Degree Name

Doctor of Philosophy


School of Earth, Atmospheric and Life Sciences


This thesis aims to establish how the late Cenozoic oblique convergence of the Pacific- Caroline and Australian plates has affected the tectonic history of the eastern Bird’s Head Peninsula in northwestern New Guinea. Emphasis is placed on insights provided by >5 magnitude earthquakes since 1976 and the structural geology of Miocene-Pleistocene sediments in the Manokwari area and Permian to Paleogene units of the northern Lengguru Fold Belt around Mawi Bay. The Bird's Head Peninsula is moving west- southwest relative to the Australian Plate based on GPS data, but slower than the west- southwest movement of the Pacific-Caroline Plate. This accounts for plate convergence between the Pacific-Caroline Plate and the Bird's Head Peninsula consistent with earthquakes caused by gently south dipping thrusts in an arc along the northern Bird’s Head coastline and indicating subduction along the Manokwari Trough. Southwards subduction along the New Guinea Trench to the northeast of Bird’s Head Peninsula is also shown by abundant earthquakes caused by southwest dipping thrusts in northern Papua between Yapen Island and Jayapura. East-west sinistral strike-slip focal mechanism solutions along the Yapen Fault in northern Cendrawasih Bay east of the Bird’s Head Peninsula reflect partitioning of oblique convergence into east-west strike- slip movement and subduction along the New Guinea Trench and subduction along the Manokwari Trough. The Sorong Fault in the northern Bird's Head is a largely an aseismic zone with morphological features consistent with an active fault. The Kemum High in northern Bird's Head Peninsula is an example of a mega pop-up structure formed by a double bend in the Sorong and Yapen faults. West-southwest movement of the Bird’s Head Peninsula is accommodated by sinistral strike slip along the Tarera-Aiduna Fault further south.

In the northeastern Bird's Head, contractional deformation and uplift is shown by folded Miocene to lower Pliocene sediments and Pleistocene raised coral reefs. Provenance indicated by detrital zircon ages and clast types show initial uplift along the Kemum High mega pop-up in the late Miocene. North-northeast convergence in the Manokwari area from partitioning of the plate vector caused buttressing with deformation decreasing to the northeast as shown by interlimb angles of map-scale folds. An angular unconformity with weakly deformed overlying uplifted coral reefs of the Pleistocene Manokwari Limestone limits the deformation to the late Pliocene to Pleistocene. U–Th series ages of 65–250 ka on raised coral reefs shows that uplift continues to the present. Coral-filled fissures are caused by near-surface ground ruptures formed by earthquakes.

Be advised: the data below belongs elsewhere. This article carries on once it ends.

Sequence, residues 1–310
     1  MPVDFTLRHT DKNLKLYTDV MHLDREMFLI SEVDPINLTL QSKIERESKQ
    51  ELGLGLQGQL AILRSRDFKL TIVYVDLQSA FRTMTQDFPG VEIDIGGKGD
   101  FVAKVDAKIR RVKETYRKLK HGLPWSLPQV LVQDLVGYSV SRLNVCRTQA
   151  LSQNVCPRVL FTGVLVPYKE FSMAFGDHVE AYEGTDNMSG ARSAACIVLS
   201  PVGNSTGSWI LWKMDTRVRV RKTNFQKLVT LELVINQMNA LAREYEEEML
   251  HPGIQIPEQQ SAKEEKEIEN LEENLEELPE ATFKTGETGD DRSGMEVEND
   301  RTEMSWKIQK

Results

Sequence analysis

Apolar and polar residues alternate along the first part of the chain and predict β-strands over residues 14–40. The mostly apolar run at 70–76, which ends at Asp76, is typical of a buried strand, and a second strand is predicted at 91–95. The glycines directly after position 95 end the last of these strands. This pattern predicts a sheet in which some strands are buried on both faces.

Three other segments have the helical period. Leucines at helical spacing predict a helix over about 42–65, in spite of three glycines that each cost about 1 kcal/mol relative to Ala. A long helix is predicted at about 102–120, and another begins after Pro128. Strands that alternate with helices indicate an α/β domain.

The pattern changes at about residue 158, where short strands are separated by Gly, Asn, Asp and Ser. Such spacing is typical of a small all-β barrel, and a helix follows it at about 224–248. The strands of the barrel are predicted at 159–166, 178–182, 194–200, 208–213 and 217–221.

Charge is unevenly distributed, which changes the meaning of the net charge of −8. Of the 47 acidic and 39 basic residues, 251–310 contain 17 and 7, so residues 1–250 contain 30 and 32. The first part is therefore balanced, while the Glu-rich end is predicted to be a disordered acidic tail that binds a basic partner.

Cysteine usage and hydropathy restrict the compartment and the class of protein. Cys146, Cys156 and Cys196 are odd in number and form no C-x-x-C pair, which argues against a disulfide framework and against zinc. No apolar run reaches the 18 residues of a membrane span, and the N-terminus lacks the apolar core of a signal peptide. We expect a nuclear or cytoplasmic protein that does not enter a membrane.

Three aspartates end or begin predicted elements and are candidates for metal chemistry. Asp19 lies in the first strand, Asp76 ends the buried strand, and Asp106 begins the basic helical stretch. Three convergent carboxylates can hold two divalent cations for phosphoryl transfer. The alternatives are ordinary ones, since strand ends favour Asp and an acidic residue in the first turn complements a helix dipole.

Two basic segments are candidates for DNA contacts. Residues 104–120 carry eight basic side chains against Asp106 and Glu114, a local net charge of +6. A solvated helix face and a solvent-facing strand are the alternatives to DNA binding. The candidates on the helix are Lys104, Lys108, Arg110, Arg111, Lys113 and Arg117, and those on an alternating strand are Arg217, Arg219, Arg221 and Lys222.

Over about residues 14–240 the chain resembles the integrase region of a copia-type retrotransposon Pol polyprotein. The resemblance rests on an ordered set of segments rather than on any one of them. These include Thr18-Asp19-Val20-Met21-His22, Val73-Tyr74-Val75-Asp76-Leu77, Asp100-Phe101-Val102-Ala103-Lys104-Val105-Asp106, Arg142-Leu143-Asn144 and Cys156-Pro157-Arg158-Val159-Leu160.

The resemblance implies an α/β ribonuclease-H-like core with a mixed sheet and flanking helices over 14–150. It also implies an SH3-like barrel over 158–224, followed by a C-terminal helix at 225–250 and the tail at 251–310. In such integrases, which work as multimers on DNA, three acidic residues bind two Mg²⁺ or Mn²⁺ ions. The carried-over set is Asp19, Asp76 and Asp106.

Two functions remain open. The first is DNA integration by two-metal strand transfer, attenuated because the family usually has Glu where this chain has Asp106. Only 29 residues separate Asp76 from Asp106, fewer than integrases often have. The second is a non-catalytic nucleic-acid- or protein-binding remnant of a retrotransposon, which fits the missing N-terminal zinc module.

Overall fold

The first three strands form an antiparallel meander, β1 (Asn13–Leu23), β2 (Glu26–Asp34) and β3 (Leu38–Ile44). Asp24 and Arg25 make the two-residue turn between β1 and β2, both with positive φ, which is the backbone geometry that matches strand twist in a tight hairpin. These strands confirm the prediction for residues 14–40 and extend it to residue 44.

Earthquakes form a cluster of 29 earthquakes in the period 1977–2018 with magnitudes of M4.9 to M7.5 around the Ransiki Fault and Yapen Fault intersection. In the 10 October 2002 earthquake, surface ruptures formed and have trends subparallel to the Ransiki Fault (140°E) and some at low-angle to it (120°E–130°E). Liquefaction also occurred as indicated by fissures, and sand blows, in the saturated sediments of the Ransiki delta. Focal mechanism solutions indicate both dextral and sinistral strike-slip motion along the Ransiki Fault, although dextral movement is considered dominant and associated with the largest earthquake (M7.5 10 October 2002). Another significant earthquake (M6.7 event, 21 April 2012) was also associated with surface ruptures and liquefaction and focal mechanism solutions indicate sinistral strike-slip in an east-west direction consistent with movement on the Yapen Fault.

At the northern end of the Lengguru Fold Belt, the Permian Mawi Complex is multiply deformed and the D1 deformation, characterized by recumbent isoclinal to tight folds with an axial planar cleavage, predated the unconformably overlying Upper Triassic – Lower Jurassic Tipuma Formation. D1 developed in the Late Permian to Early Triassic in an East Gondwanan Andean active continental margin setting. A D2 deformation in the Mawi Complex produced open to gentle steeply inclined folds that also caused deformation of the overlying Mesozoic to Paleogene succession and formed the late Miocene to early Pliocene Lengguru Fold Belt. The northern part of the Lengguru Fold Belt curves seamlessly into the Central Bird’s Head Monocline which is responsible for the (?)Pliocene to Quaternary uplift of the Kemum High in the northern Bird’s Head Peninsula.

FoR codes (2008)




Unless otherwise indicated, the views expressed in this thesis are those of the author and do not necessarily represent the views of the University of Wollongong.